NatWest revealed that it made a pre-tax operating loss of £351 million in 2020, down from a profit of £4.2 billion a year earlier. BBC’s Felicity Hannah told BBC Radio 5 Live: “These results matter because 62 percent of the bank is still owned by the taxpayer. You probably remember it was bailed out back in 2008 with £46billion of taxpayer money.
“This morning we’ve learned it made a £350million loss and that compares to a £4.2billion profit in the previous year back in 2019.
“That loss is not necessarily as dramatic as it sounds, it’s because the bank is looking ahead and setting asaid £3.2billion to cover loans to people and businesses that they think might not be paid back and all banks have been doing that.
“I think one question a lot of people will have is about bonuses. Back in 2019, the group awarded bonuses a total of £307million and this year despite everything it still paying £206million in bonuses.
“I think that’s going to get a lot of extra scrutiny in a year where people are tightening their belts.”
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CEO Alison Rose was accused of trying to defend “justify” the huge payouts.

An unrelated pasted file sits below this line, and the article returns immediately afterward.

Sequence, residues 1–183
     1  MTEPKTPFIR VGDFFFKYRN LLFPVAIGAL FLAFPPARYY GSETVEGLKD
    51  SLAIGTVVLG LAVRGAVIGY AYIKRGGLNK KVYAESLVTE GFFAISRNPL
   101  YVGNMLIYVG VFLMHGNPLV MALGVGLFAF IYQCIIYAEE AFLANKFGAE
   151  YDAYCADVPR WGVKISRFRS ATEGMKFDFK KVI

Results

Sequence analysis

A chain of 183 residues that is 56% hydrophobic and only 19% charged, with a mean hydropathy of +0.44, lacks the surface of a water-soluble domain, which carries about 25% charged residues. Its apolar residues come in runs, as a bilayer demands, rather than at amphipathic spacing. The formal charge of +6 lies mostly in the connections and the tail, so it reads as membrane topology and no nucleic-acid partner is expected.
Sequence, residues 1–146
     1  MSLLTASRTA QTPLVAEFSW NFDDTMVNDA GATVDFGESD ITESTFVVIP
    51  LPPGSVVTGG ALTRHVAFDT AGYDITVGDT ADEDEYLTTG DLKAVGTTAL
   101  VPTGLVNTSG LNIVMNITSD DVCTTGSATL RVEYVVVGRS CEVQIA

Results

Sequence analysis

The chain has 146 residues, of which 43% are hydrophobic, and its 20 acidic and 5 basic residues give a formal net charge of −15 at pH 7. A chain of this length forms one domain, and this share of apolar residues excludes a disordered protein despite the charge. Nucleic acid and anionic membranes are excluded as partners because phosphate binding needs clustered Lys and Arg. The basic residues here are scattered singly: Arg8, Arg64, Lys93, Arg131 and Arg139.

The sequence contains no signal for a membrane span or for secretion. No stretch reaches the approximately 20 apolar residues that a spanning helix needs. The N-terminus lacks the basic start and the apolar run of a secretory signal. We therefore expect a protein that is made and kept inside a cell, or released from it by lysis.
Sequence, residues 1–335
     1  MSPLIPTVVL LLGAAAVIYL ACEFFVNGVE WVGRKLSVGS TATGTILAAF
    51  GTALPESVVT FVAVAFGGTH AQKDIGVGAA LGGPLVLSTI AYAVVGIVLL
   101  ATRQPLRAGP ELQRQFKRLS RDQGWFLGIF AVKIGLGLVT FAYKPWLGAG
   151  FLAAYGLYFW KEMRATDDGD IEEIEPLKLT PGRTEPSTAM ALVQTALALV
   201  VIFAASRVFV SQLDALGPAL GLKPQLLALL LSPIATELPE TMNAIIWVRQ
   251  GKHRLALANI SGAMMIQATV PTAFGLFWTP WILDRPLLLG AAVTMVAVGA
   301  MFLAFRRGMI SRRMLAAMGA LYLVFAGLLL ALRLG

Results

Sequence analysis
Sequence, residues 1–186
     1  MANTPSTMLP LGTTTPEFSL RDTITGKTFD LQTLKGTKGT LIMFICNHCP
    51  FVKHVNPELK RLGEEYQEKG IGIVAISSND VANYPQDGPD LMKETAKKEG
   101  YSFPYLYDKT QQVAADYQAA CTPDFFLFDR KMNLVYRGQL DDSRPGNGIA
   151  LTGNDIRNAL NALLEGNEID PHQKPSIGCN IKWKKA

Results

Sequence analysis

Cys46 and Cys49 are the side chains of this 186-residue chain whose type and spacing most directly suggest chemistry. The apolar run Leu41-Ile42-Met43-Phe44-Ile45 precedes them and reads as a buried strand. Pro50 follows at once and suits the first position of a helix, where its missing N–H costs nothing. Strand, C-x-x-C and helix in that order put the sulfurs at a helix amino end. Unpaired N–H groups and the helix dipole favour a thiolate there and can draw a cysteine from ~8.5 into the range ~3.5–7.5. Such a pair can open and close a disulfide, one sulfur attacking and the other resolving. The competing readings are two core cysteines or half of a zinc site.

Asked how NatWest could give bonuses, she told the radio show: “Our focus is on trying to support our customers. Our branches stayed open to support customers and we really focused on enterprise during this period and helping with financial capability.”
BBC host Clare McDonnell interjected: “But how do you justify those bonuses at such a critical time for people who might have come to Natwest and were refused an overdraft extension, business loan extension – you’re still paying about £200million in bonuses.”
Ms Rose continued: “We have put huge amount of support into our customers.
It comes as NatWest confirmed Ulster Bank is to begin a phased withdrawal from the Irish market.
Explaining the move, NatWest said a review of its Irish bank found that it would not achieve an acceptable level of returns going forward.
Uncertainty now surrounds the bank’s 2,800 staff, although NatWest insists it will try to keep job losses to a minimum.
Ulster Bank’s operations in Northern Ireland are unaffected by the announcement.